And that's when the magic started.
You see, when kids look at the world and its problems, they only focus on why the problem needs to be fixed, not the mechanics of how to make it real. That's easily the biggest stumbling block we have as adults when trying to innovate. We are so hung up on what can be done, that we lose sight of what should be done.
One of my students said, "I've got these amazing sneakers that I love. But in 6 months, I'll grow out of them and have to throw them away. Why can't the sneakers grow with me?"
He's not thinking about what materials may involve or the LTV of the shoe industry — he just wants his damn shoes to keep fitting. And that's how we create opportunities.
From there, the students just exploded with ideas and questions. What's amazing to me is that it took so little prodding. I spent the next 10 weeks doing everything in my power to contain the energy while also generating an even greater level of appreciation for those that teach.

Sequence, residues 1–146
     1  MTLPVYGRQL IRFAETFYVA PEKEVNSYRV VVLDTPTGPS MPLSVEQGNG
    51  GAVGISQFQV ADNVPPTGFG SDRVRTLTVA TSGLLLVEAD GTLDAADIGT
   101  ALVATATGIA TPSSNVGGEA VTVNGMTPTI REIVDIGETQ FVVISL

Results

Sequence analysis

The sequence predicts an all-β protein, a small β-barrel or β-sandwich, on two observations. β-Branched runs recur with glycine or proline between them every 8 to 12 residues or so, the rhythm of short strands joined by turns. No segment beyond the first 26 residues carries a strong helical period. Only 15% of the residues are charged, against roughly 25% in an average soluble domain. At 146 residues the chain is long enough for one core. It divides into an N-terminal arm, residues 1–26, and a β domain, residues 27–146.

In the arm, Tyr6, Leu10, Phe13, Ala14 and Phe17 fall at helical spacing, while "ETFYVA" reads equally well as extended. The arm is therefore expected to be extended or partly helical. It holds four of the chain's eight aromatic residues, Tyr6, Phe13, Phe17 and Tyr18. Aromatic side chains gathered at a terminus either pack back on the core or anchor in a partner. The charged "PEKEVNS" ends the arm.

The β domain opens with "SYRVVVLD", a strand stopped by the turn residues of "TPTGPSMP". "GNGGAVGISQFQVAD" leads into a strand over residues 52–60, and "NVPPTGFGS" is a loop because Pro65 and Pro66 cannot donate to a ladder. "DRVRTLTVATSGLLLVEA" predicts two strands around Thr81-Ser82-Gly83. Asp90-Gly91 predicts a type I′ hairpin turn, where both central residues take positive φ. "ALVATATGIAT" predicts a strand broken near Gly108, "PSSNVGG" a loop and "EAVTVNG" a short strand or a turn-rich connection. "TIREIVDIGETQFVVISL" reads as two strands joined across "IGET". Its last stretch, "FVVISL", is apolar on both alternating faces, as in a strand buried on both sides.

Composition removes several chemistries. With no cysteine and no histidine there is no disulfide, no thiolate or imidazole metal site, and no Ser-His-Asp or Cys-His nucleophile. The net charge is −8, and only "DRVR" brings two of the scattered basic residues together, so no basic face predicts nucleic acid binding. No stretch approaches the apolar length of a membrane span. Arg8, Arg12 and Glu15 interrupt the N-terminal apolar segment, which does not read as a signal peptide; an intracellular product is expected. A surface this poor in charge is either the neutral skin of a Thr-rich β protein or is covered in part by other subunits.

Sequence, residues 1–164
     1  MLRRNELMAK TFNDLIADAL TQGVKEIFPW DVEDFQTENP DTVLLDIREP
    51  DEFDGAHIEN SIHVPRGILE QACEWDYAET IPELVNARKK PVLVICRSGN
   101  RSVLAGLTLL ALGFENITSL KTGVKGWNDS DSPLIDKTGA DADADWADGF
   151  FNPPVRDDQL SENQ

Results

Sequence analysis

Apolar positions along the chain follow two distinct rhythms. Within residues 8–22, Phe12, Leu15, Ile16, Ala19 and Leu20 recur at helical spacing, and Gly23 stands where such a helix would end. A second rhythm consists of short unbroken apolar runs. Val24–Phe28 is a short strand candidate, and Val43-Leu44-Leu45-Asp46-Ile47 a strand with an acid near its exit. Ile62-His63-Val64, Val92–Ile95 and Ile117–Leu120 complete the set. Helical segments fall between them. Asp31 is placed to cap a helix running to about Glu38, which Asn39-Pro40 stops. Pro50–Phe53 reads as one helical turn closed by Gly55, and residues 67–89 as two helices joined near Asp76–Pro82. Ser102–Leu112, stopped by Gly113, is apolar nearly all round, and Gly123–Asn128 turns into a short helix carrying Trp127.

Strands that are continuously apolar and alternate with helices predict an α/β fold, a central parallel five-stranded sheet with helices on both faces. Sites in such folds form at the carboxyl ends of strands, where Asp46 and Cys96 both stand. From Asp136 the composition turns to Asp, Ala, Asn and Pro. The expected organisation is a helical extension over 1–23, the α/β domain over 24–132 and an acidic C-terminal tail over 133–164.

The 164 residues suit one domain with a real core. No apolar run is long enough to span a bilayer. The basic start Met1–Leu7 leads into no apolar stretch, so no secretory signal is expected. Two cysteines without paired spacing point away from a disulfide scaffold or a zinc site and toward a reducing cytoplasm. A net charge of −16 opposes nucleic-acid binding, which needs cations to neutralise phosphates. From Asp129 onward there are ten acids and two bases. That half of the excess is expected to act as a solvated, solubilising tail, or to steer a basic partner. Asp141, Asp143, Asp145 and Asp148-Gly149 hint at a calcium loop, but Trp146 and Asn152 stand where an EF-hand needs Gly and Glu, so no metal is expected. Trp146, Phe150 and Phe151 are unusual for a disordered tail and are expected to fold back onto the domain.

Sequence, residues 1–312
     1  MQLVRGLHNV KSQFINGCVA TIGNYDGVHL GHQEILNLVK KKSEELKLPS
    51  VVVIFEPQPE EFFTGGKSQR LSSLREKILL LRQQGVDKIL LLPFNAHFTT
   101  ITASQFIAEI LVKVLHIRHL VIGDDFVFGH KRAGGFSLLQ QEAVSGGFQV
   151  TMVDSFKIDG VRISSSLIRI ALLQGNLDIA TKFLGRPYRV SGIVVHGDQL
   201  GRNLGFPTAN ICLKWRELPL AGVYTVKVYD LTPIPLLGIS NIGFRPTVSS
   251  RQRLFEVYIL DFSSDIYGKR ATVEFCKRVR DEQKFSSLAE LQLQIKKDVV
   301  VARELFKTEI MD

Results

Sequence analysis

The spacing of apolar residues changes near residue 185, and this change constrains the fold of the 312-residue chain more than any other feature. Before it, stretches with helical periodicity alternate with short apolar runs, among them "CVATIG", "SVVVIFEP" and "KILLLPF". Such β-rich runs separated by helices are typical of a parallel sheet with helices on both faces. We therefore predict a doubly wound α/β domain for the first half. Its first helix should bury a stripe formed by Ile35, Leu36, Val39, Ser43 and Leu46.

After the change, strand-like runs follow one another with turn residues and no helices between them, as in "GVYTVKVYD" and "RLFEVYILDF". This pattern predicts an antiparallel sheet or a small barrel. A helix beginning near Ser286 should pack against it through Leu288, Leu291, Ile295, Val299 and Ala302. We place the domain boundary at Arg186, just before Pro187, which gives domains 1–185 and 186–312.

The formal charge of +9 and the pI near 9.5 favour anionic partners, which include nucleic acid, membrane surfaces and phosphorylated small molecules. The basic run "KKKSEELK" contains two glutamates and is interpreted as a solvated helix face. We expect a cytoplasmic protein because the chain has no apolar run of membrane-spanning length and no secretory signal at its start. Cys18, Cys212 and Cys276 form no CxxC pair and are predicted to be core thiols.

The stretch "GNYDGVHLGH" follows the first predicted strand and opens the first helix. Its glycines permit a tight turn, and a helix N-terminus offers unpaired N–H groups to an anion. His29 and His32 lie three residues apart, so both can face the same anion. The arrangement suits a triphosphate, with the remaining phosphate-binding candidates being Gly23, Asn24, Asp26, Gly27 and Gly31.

The ideas just kept flowing...
"Why don't drones deliver food inside my house?"
"Why don't windows wash themselves?"
"Why don't phones charge themselves?"
No idea was off limits, and after a while, you start to realize that while maybe a few ideas would be far-fetched, so is every idea until someone makes it real. Look around us, we are buried in products and services that were Sci-Fi until one day they weren't.
We then broke the students into teams, allowed them to debate over which idea they wanted to pursue as a group, and build a full pitch deck to present in the last week. I spend all my days teaching adults how to build pitch decks. It took me about ten minutes to explain it to 10 to 14-year-olds.
What amazed me about it was how serious they got about their pitch decks. They took total ownership not only of the idea but of the idea of making sure other people loved it. True Founder love.